By Wayne Jebian
Arnie Duncan and the United States Department of Education appear to be sold on the concept of VAM (value added model), so much so that they are taking the concept to the next level. The idea behind VAM is to crunch students’ standardized test scores to separate “good” from “bad” teachers.
In public debate, VAM is often discussed in the context of fixing failing schools and raising individual student achievement. However, if Education Secretary Arnie Duncan has his way, the use of VAM will mean that elementary school students will also be deciding issues of federal funding for graduate and professional teaching programs. The stakes in high stakes testing are about to get a whole lot higher.
The DoED released its proposed new rules for teacher preparation programs on December 3, 2014. The public was given until January 2, 2015 to comment on fiscal aspects of the new rules, and until February 2nd to comment on issues of substance. The timing of the document is one of its major problems. The brevity of the comment period, plus the fact that it straddled final exams, Christmas, Hanukah, customary vacation periods, New Years, the beginning of school, and the Super Bowl, strongly suggest that it was engineered to minimize actual public comment.
The second and larger problem is that the new rules’ reliance on bad science eclipses any legitimate concern about bad teachers. Test scores are affected by many factors, and there are many influences more important than the individual teacher, such as the family situations of the students and the general income level of their neighborhood. The use of VAM could be seen as a disincentive to work in a poor neighborhood for the individual student of education when seeking work. However, the new rules also invite a whole host of consequences.
Now, a college or university’s professional education program or school of education will be graded according to these same VAM statistics derived from school kids’ test scores. If these rules are implemented, in addition to being responsible for their teachers’ job security, the children will be determining the eligibility of graduate schools to receive federal TEACH grant money. If student VAM statistics reveal that a school of education is producing “bad teachers”, then under the new rules, it can be cut off. According to the report, “These proposed regulations would limit TEACH Grant eligibility to only those programs that States have identified as ‘effective’ or higher.”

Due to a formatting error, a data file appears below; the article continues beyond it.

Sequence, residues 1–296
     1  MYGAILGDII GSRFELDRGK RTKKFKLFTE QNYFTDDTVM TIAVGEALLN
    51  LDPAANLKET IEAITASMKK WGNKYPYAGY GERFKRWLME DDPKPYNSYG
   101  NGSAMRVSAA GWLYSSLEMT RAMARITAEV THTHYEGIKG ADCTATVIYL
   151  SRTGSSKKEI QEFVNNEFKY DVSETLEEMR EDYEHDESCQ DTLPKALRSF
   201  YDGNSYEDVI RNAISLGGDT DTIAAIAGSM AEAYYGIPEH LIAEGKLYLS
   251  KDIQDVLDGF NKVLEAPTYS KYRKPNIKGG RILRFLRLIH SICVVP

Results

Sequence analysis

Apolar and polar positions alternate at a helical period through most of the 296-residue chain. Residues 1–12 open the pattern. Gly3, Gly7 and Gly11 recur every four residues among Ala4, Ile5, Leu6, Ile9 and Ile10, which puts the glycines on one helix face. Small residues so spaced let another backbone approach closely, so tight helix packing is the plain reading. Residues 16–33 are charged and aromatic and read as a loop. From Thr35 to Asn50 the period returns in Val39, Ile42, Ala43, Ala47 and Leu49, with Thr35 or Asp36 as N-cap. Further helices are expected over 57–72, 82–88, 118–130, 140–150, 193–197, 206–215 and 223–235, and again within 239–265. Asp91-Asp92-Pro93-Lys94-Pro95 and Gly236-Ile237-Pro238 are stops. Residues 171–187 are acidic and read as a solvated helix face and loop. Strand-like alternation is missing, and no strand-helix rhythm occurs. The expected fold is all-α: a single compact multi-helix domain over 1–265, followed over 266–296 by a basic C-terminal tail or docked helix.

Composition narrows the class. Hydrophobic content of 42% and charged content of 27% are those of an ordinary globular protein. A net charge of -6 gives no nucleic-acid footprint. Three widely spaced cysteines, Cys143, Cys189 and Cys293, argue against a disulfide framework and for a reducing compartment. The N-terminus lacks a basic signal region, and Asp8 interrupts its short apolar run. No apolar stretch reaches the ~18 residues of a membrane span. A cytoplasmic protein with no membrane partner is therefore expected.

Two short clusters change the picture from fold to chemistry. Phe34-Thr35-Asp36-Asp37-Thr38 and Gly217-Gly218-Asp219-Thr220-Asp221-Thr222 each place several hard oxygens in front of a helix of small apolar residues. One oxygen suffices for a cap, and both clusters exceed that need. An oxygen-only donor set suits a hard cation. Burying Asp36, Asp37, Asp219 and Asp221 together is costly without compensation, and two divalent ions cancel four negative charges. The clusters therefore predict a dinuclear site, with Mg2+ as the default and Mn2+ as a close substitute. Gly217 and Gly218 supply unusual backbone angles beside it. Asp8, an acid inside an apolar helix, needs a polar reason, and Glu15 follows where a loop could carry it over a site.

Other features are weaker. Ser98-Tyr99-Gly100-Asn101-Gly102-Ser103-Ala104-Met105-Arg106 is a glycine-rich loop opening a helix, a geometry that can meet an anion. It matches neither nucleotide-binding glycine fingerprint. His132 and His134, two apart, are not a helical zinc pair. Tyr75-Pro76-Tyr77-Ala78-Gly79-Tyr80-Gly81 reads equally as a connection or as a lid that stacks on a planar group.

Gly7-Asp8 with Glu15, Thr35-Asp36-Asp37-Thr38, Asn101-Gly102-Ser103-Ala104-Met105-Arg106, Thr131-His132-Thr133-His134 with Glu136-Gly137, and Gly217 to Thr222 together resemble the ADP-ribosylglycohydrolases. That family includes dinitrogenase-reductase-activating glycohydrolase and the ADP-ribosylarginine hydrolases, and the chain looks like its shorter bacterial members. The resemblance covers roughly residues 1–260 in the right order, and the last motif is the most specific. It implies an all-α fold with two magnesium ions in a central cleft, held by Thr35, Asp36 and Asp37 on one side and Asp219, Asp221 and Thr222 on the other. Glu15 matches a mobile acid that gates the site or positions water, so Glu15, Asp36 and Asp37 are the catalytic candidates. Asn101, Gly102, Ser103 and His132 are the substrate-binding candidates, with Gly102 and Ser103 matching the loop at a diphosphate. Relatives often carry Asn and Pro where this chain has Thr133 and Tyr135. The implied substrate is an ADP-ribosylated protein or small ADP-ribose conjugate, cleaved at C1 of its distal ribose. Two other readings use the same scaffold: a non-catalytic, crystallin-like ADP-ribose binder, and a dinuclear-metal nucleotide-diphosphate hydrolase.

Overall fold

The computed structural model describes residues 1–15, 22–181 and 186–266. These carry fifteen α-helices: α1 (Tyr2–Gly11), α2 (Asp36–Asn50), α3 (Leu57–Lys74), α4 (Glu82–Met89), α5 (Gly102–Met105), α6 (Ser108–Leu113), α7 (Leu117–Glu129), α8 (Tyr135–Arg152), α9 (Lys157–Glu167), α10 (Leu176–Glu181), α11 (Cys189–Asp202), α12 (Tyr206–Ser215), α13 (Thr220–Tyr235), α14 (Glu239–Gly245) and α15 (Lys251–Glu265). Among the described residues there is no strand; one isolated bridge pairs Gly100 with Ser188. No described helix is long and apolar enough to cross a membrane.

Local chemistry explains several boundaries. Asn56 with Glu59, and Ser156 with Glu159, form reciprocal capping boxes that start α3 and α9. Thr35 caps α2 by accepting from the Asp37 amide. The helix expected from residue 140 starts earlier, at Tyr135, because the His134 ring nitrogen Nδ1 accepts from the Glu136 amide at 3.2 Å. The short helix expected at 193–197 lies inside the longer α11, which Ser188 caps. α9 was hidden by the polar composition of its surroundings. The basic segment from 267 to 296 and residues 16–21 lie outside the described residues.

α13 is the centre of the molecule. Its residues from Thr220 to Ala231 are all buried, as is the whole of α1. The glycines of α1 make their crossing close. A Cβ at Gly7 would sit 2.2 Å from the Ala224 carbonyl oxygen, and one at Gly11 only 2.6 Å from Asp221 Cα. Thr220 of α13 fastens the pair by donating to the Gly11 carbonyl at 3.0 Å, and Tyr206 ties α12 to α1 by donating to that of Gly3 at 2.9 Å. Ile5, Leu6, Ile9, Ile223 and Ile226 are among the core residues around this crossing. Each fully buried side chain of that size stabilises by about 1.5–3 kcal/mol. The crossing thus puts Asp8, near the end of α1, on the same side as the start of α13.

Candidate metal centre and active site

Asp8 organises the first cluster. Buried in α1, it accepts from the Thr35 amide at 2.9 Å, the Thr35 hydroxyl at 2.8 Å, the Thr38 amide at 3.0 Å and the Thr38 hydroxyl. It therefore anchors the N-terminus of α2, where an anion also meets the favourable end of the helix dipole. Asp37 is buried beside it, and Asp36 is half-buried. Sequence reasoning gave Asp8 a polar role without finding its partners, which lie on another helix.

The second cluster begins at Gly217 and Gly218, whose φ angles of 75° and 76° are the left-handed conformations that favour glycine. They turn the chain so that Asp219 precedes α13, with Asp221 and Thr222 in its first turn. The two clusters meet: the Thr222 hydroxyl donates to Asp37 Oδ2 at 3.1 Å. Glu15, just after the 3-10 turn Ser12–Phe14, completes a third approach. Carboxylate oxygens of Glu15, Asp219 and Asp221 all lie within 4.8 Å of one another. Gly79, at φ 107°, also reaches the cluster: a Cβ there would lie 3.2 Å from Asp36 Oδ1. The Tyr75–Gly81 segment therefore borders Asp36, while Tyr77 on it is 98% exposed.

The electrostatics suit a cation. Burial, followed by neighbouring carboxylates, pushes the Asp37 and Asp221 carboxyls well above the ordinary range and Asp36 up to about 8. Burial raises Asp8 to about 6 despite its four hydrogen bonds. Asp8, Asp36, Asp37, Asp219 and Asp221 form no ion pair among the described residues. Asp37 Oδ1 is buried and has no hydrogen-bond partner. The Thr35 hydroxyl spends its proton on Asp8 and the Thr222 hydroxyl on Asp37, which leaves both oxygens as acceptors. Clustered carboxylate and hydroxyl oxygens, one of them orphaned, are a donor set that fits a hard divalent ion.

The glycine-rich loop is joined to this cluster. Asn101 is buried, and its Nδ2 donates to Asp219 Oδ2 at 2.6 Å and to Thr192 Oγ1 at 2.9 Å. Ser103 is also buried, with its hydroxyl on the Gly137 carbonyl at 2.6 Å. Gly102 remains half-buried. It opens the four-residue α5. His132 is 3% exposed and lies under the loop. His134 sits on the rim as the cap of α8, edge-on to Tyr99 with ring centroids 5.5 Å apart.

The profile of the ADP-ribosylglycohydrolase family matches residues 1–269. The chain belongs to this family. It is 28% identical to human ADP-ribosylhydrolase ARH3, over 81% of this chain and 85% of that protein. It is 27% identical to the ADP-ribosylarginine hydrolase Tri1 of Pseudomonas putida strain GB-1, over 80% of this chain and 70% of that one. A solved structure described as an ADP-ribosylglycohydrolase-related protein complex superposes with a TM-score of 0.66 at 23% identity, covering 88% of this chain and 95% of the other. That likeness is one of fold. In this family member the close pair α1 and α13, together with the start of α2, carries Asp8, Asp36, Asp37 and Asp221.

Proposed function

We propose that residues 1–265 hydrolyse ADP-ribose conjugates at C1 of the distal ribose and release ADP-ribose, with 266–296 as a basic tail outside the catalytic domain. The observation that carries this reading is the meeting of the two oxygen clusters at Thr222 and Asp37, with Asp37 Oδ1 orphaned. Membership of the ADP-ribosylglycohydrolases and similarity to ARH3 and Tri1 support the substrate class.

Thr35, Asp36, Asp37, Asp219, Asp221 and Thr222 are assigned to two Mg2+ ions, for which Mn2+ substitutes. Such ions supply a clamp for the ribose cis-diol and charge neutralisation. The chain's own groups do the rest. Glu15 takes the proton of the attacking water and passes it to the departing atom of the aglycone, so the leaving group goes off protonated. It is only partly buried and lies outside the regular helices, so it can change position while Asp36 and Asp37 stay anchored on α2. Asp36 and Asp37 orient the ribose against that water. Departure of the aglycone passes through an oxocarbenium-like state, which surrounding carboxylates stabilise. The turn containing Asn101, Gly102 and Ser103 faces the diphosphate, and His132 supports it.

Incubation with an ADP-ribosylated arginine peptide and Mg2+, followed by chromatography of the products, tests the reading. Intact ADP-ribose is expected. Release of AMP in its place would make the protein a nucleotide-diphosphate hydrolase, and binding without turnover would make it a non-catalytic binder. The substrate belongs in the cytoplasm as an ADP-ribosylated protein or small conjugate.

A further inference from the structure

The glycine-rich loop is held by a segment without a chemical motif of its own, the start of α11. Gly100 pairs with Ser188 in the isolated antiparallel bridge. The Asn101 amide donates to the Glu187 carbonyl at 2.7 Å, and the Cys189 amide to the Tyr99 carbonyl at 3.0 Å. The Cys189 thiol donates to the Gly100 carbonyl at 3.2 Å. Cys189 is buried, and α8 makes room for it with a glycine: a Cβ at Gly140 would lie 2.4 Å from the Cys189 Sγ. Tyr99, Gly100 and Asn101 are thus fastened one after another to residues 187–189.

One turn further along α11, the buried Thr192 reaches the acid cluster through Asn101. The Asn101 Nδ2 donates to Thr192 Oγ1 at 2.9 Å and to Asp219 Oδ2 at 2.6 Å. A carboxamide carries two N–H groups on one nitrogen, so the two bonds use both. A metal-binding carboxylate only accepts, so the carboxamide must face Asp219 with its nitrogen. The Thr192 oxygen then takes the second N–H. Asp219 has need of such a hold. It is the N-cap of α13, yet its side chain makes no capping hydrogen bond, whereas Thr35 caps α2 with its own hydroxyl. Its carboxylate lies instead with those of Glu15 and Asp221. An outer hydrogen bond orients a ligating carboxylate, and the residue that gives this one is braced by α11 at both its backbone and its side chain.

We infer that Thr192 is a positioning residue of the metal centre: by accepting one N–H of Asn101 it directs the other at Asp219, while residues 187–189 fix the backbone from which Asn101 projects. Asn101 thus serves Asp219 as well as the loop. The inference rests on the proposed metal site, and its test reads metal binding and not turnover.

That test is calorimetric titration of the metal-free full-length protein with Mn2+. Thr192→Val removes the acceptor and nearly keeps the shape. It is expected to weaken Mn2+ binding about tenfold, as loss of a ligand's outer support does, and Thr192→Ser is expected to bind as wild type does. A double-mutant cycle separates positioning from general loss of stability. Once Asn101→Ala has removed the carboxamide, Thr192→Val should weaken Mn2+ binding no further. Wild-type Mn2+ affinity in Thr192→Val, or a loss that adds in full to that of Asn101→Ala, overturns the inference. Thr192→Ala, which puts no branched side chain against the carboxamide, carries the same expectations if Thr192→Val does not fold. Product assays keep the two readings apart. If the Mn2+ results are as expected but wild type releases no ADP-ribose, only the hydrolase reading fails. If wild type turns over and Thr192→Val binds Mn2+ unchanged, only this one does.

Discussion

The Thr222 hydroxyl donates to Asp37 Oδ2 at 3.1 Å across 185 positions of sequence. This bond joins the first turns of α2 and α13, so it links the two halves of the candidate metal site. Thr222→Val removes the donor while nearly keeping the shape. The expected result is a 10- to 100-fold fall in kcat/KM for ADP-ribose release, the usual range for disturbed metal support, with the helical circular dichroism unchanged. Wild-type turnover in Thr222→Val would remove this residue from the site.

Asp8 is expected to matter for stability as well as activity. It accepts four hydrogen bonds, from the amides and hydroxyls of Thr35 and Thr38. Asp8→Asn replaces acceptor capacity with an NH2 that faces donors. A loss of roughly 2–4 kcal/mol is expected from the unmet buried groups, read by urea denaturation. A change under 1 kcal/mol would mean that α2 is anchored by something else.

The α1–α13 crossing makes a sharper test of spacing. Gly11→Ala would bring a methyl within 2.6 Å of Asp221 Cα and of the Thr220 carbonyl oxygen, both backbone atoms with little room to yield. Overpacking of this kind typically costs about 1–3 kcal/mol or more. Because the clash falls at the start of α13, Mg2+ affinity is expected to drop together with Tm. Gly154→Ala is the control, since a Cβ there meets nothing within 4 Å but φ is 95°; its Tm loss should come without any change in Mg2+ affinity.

The American Statistical Association has warned against an over-reliance on VAM for educational policy. The many shortcomings noted by the ASA include the following: “VAMs are generally based on standardized test scores, and do not directly measure potential teacher contributions toward other student outcomes.”
But Secretary Duncan appears not to have received the memo. With VAM the central instrument in assessing the quality of teachers, and now, the schools that educated them, test scores will be a crucial factor in the mandate that the new rules lay out: “Establish the required areas States must consider in identifying low-performing and at-risk teacher preparation programs, the actions States must take with respect to those programs, and the consequences for a low-performing program that loses State approval or financial support.”
What’s at stake is an unprecedented level of federal involvement in higher education. What is described is the possible takeover or elimination of teacher education programs, just as is happening with public schools in urban districts. Those are some very high stakes, resting on the backs of young students’ test scores. And in all likelihood, the federally-driven reform machine’s encroachment into higher education will not end there.